May I ask that nobody post here except for myself. These are my story replies to Jay's writing challenge topic.
FIRST WORD: AIRPLANE
THE LITTLE BOY AND HIS AIRPLANE
“Mommy, when can I go outside?”
The little boy sat at the breakfast table, cereal all over the place around his bowl. His tired-looking mother glanced up and gave him a sad smile.
“Not today, sweet heart,” she told him. His face immediately fell.
“But Mommy, I want to go play outside! It’s all sunny!” he said, pointing out the window. She looked where he was pointing, and knew he was being valid, but she simply couldn’t let him out. It wasn’t healthy for him.
“Maybe tomorrow, baby,” she told him. “Now finish your breakfast.”
She watched as her son scooped his spoon into the bowl and shoved Cheerios into his mouth. Without realizing it, her eyes flicked up to his small, bald head. It had been that way for a while. She always tried to make it seem like an adventure to him, but she knew he was becoming restless from being inside day after day when it was so nice outside.
When he was done eating, he jumped down from his booster chair and ran out of the room, nearly slipping on the hardwood floor. He giggled, and his mother smiled weakly at his innocence. Within moments, she heard him playing in his room with his toys. His favorite was a small plastic airplane that could open up for little people. He would fly them to faraway places such as France and Africa.
Sighing, his mother stood up, taking his and her bowls to the sink to wash. She wondered if it would ever end, all of the endless treatments, visiting the doctor’s, praying for his life. Maybe not. But she couldn’t think about that, she had to have hope.
“Zoom!” cried the boy, racing in with the airplane held up. He slowed to a stop by the counter, making a buzzing noise the whole time. Finally, the plane rolled to a stop right next to the sink.
“All passengers can now get off,” he stated, and opened the door. One by one, he made the people step out onto the counter, and each faced his mom. She froze in her rinsing to watch what he was doing. Once all the people were out, she turned and smiled at her.
“Where are they visiting now?” she asked him.
“They’re visiting you,” he said simply. “They all missed their mommies and wanted to visit.”
This touched her, and she grinned at him.
“That’s very nice of them,” she said, waving at the small toys. “Where are they going next?”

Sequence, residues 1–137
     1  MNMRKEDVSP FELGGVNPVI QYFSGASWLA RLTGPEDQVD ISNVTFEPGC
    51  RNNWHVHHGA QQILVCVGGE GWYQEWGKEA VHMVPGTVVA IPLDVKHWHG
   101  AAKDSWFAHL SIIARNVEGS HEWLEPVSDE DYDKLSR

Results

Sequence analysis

“They’re going to visit Daddy at work!” he exclaimed, quickly putting all the people back and snapping the plane shut. “Bye!” He was off again, leaving his mother to chuckle at his adventure.
FOUR MONTHS LATER
Rain poured down on the small gathering, matching the mood perfectly. Slow music filled the air around the funeral-goers, played by an elderly woman on a violin. Tears rolled down her cheeks, but still she played on. Two people near the front in their chairs hugged each other, the smaller figure shaking uncontrollably.
After many minutes, the music drew to a close, and as one, the congregation stood up and walked to the front. One by one, they filed past the coffin at the front. It was too small, much too small to even have needed to be made. The woman who had been crying violently still fought to control the sobs, but she held them in as she stopped in front of the open coffin. Inside laid the little boy who had been a part of her life for only six years. He looked peaceful, his tiny hands folded over his frail chest.
His mother reached out, touching his pale, cold face one more time before reluctantly stepping away. Family members and friends passed silently by, some muttering a few words. Finally, it was time.
The coffin was lifted gently and moved over the hole, and then lowered into it. A few dirt crumbs fell on top of it, but otherwise, light glinted off the smooth surface of the lid. It covered the boy, the little boy who had been put to rest with a few of his favorite things, most of which was a small plastic airplane that opened and could fit little plastic people inside. He liked taking them to faraway places, places like Peru and India. Now he was taking it to the best place of all: heaven.